Use: Tunis sheep excel as extremely feed-efficient, productive meat animals capable of thriving on poorer pastures and in hot, dry conditions. According to the National Tunis Sheep Registry website, Tunis lambs require less feed than larger sheep breeds to reach the same market weight within similar time frames. For their size, they yield a high percentage of delicately-flavored meat. Even the mutton (meat of sheep older than one year) is said to be tasty. They also grow a lustrous fleece with a staple length of four to six inches that weighs approximately six to nine pounds.
History: One of the oldest sheep breeds developed in the United States, the modern-day Tunis resulted from crossings of “fat-tailed” sheep imported from Tunisia, a North African country bordering the Mediterranean, with various European breeds. The first importation occurred in 1799, a gift of ten sheep from the ruler of Tunisia to the U.S.; these animals passed into the care of Pennsylvanian Judge Richard Peters. In following years, the breed gained popularity in a number of eastern and southeastern states, garnering fans that included the likes of Thomas Jefferson and George Washington. The Civil War, however, resulted in the demise of most Tunis sheep in the upper South. Today, the American Livestock Breeds Conservancy lists the Tunis in the watch category, its global population estimated to be less than 10,000 animals, although interest in this unique breed seems to be increasing again.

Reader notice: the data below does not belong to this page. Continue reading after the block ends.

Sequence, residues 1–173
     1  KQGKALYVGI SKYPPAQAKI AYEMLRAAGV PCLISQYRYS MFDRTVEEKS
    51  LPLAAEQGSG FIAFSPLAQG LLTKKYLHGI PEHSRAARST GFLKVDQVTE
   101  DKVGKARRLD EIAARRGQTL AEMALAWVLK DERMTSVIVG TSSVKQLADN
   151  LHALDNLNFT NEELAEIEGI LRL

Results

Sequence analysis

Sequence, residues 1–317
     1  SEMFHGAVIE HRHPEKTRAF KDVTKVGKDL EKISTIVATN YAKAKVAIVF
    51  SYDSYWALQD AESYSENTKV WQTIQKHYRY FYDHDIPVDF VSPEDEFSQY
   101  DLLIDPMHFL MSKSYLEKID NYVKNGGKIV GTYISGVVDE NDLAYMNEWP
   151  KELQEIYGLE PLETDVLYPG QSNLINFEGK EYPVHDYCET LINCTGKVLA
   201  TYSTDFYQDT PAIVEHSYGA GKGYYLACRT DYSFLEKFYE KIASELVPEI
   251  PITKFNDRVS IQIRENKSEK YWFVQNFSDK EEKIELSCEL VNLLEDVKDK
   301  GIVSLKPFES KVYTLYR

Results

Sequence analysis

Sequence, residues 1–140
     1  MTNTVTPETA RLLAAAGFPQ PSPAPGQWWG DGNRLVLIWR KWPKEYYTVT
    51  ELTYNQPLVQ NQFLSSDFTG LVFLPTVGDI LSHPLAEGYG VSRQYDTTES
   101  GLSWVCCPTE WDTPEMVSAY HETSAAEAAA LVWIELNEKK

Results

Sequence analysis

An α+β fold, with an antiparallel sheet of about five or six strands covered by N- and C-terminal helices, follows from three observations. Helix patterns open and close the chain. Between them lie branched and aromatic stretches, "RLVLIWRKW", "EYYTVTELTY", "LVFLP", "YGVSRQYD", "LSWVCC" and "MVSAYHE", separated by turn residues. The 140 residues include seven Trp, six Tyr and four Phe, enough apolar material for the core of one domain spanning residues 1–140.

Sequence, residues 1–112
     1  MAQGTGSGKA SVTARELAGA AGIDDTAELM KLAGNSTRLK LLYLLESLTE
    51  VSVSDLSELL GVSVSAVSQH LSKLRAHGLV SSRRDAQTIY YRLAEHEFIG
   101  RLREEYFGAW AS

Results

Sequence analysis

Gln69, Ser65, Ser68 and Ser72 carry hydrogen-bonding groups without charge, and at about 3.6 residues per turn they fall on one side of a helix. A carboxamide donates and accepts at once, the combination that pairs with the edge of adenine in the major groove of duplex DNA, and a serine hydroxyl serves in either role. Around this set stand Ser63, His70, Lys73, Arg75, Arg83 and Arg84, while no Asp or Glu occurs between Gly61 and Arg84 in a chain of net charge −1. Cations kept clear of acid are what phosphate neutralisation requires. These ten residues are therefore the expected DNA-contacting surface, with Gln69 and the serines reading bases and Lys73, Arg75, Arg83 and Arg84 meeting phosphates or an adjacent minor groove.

Conformation: You can easily distinguish a Tunis from other sheep breeds by its coppery-red, usually wool-free face and legs, lovely accents for the ivory to cream wool on its body. The Tunis has a well-muscled, deep-chested body with a wide back and a broad, fat tail that’s normally docked. A hornless breed, they possess slender faces and long, pendulous ears. Rams of this medium-sized breed weigh from 175 to 225 pounds and ewes run about 125 to 175 pounds. Raisers praise the long-lived Tunis for its grace, calm temperament, and hardiness.
Special Considerations/Notes: Tunis sheep have an extended breeding season and the motherly ewes experience a high rate of twinning and produce plenty of milk. The lively lambs arrive with red or tan wool that gradually changes to creamy white except for the face and legs. These sheep, thanks to their roots in Tunisia, can tolerate hot weather well, whether humid or arid; of course, ample water should always be provided.